I’ve heard that Avon has gotten pushier in recent years. They were on the somewhat less slimy side before, I think, just because their products were actually decent and because most people “sold” by leaving catalogs lying around, which is pretty low-pressure. Everything I’ve heard lately is that they’ve been pushing the more “opportunity!!!1111!!!one!!” model lately, though.

      1. Laurel Gray*

        This doesn’t surprise me. So many beauty companies and lines (non MLM) have popped up over the years. Stores like Sephora and Ulta are like Avon/Mary Kay parties without the sales schtick: you can sample products before buying, there are consultants to answer questions, and you get free samples with purchase. I can get the same experience without the pressure to buy what I don’t need or turn around and become a salesperson myself. I’m more surprised they haven’t gone under by now.

        1. Allison*

          And I really like how the people at Sephora are helpful but not pushy. They don’t follow you around and try to sell you on every product you touch, like at some other stores . . .

          (I’m looking at you, Body Shop! I know the tea tree oil stuff is good, now leave me alone!)

          1. Kelly L.*

            Bath and Body Works! Especially at the holidays! Ugh! One time I went there and was gushed over by at least six people. They asked me at the counter if anyone had helped me, and I managed to wearily say something like “…everybody?”

            1. Allison*

              That too, I love their products but hate going into the store. I’ve been using the stuff religiously (and buying strategically) for 5 years, I don’t need everyone in the store telling me what’s on sale and what to buy.

              1. Katniss*

                Lush started selling this way at some of their stores in the last couple of years, too, sadly. Now I hate going into their stores.

                Though credit where credit is due, this high pressure tactic is how I found a replacement for my beloved Flying Fox perfume when they discontinued it.

              2. MsChanandlerBong*

                My strategy is to wait until the day after Christmas and shop online. Full-size tubes of body cream for $3! I bought one two or three years ago, and I’m just getting to the bottom of it. Kind of bummed because the scent is amazing (mango mandarin), but I think it’s been discontinued.

                1. Allison*

                  Check the website, they often bring back old fragrances online. Also, I wait until November to place a bulk order of Christmas products, including the VIP bag, then I place another order when the semi-annual sale starts. I love ordering online, I can take my time and no one bothers me. Plus the stores near me are a pain to get to.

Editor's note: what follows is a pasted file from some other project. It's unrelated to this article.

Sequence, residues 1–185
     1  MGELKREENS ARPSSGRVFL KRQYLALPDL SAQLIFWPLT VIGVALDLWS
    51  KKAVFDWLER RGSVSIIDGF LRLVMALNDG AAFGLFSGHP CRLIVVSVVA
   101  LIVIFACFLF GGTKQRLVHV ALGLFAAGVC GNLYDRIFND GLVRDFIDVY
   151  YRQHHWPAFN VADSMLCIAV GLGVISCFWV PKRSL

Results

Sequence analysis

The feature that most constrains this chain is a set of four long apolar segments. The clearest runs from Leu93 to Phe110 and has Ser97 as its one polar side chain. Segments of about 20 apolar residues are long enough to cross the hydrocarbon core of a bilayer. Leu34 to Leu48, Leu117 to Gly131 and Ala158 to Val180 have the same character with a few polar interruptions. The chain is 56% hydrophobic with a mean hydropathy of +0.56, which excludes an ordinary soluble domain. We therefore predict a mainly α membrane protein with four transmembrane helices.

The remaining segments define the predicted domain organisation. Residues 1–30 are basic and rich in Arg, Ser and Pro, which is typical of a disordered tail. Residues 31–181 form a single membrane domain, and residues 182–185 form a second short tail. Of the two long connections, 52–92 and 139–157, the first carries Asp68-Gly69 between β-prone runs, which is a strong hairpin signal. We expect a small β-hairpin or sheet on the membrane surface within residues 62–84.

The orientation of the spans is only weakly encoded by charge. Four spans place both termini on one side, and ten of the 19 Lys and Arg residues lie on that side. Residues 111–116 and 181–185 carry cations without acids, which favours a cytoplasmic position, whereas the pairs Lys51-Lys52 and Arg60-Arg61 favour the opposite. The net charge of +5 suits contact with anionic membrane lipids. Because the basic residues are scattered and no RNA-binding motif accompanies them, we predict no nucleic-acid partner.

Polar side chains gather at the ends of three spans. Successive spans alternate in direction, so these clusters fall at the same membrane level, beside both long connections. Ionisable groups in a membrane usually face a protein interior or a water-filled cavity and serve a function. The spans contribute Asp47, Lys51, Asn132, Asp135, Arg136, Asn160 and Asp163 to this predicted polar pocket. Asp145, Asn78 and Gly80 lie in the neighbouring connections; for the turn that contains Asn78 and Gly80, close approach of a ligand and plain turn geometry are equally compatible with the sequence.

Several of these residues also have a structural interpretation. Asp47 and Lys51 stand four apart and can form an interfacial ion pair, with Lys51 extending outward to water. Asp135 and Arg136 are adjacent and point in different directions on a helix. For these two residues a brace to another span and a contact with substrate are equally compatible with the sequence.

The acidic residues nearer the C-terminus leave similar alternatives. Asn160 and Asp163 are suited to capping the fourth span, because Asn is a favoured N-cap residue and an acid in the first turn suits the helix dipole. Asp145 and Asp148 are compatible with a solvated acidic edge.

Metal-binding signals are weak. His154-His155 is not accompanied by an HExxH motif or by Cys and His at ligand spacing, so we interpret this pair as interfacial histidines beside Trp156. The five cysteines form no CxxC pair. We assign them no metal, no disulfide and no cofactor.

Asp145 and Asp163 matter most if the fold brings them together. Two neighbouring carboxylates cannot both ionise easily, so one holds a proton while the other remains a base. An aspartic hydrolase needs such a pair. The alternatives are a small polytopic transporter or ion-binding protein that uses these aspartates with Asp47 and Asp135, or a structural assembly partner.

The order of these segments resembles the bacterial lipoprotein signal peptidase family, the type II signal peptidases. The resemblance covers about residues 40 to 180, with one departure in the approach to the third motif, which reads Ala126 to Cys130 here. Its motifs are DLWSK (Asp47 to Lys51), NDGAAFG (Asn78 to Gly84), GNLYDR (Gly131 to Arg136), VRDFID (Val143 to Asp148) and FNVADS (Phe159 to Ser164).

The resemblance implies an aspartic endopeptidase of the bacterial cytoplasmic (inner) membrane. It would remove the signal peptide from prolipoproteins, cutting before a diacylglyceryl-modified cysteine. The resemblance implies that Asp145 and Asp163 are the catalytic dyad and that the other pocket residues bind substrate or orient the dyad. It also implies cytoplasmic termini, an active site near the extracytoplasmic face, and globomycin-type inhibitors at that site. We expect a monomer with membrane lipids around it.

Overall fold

2. ThatGirl*

      I sorta wondered this too because I’ve seen cool sounding jobs at Pampered Chef HQ, but there’s a bit of discussion upthread.

    3. Ask a Manager* Post author

      I do think it’s different. I think working at the corporate headquarters of Avon, and maybe also Mary Kay and Pampered Chef, wouldn’t be seen in the same way. I don’t know if that’s a legitimate way for people to feel or not; maybe it’s just because they’re more established institutions. But I do think most people won’t have the same negative associations.

      1. it happens*

        I’m glad to read this – I was thinking the same thing. Maybe worth amending the original answer since it’s likely to keep coming up otherwise.

      2. Guinness*

        That’s interesting to me, because I feel that Mary Kay is one of the more predatory MLMs (heavily pressuring you to buy stock, heavily pressuring you to recruit people under you, rigid quotas, promising glitz, glamour, and a full-time income). I know it’s a well-known name, but I don’t think they have a good reputation.

        1. Liana*

          Mary Kay is SO sleazy. My parents’ next door neighbor (who I grew up knowing as well) sold for them for awhile and even got to the point where she got to drive a company car, and she still ended up losing money. They paint themselves as being so empowering for women but they’re really, really not. For anyone who’s curious, I highly recommend reading the PinkTruth website.

          1. Former Avon Sales Rep*

            +1 on the Pink Truth website – it’s very enlightening!

            A person who is in my weekly book group just started selling Mary Kay. She works full-time, already has another (legit) side business, and two small children. I’m honestly in awe of how she juggles everything.

            Anyway, she just hosted her first MK party which thankfully I couldn’t attend because I already had tickets for something going on at the same time. She keeps pressuring me to buy, buy, buy and I just don’t have the heart to tell her I don’t buy from MLMs.

          2. KK*

            I agree. I’ve been approached while pumping gas, interrupted while shopping at Target and cornered by a consultant at a bridal show. I won’t buy Mary Kay out of sheer principle. One of the most predatory MLMs out there.

          3. Cleo*

            And for marketing themselves as being so empowering for women, almost all of their executives are men. I’m not saying it should automatically be a woman, but I just find it a little humorous.

      3. TotesMaGoats*

        Agreed. It’s something about the longevity of those companies that reads as legit on the corporate side as well. Kind of a gut reaction for me that I can’t quite explain.

        1. Ask a Manager* Post author

          I think, too, that Avon, Mary Kay, and Tupperware were the only games in town for so long (or at least the only well-known ones) that they acquired some legitimacy, and haven’t been as tainted by the MLM stain of those that came after them.

          1. Kelly L.*